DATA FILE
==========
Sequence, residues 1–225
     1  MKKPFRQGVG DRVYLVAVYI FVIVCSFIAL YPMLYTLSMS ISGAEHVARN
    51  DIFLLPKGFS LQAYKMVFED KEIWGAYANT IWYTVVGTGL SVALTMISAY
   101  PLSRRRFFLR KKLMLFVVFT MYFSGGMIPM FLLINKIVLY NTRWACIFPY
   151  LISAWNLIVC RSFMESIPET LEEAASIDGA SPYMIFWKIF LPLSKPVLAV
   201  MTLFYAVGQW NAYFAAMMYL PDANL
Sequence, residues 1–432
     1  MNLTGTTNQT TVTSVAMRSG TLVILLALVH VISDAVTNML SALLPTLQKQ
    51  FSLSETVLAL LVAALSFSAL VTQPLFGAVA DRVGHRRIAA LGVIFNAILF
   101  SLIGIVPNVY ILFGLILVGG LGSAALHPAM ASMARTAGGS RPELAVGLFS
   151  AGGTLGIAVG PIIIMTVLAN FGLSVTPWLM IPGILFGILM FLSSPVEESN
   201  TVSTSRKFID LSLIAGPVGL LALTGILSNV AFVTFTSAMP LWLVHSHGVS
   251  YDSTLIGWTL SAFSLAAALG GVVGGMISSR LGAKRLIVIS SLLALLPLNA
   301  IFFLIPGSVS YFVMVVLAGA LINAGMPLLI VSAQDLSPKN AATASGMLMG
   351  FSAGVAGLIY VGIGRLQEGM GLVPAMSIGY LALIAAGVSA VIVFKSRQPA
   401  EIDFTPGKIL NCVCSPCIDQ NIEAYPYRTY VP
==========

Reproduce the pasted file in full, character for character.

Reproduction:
Sequence, residues 1–225
     1  MKKPFRQGVG DRVYLVAVYI FVIVCSFIAL YPMLYTLSMS ISGAEHVARN
    51  DIFLLPKGFS LQAYKMVFED KEIWGAYANT IWYTVVGTGL SVALTMISAY
   101  PLSRRRFFLR KKLMLFVVFT MYFSGGMIPM FLLINKIVLY NTRWACIFPY
   151  LISAWNLIVC RSFMESIPET LEEAASIDGA SPYMIFWKIF LPLSKPVLAV
   201  MTLFYAVGQW NAYFAAMMYL PDANL
Sequence, residues 1–432
     1  MNLTGTTNQT TVTSVAMRSG TLVILLALVH VISDAVTNML SALLPTLQKQ
    51  FSLSETVLAL LVAALSFSAL VTQPLFGAVA DRVGHRRIAA LGVIFNAILF
   101  SLIGIVPNVY ILFGLILVGG LGSAALHPAM ASMARTAGGS RPELAVGLFS
   151  AGGTLGIAVG PIIIMTVLAN FGLSVTPWLM IPGILFGILM FLSSPVEESN
   201  TVSTSRKFID LSLIAGPVGL LALTGILSNV AFVTFTSAMP LWLVHSHGVS
   251  YDSTLIGWTL SAFSLAAALG GVVGGMISSR LGAKRLIVIS SLLALLPLNA
   301  IFFLIPGSVS YFVMVVLAGA LINAGMPLLI VSAQDLSPKN AATASGMLMG
   351  FSAGVAGLIY VGIGRLQEGM GLVPAMSIGY LALIAAGVSA VIVFKSRQPA
   401  EIDFTPGKIL NCVCSPCIDQ NIEAYPYRTY VP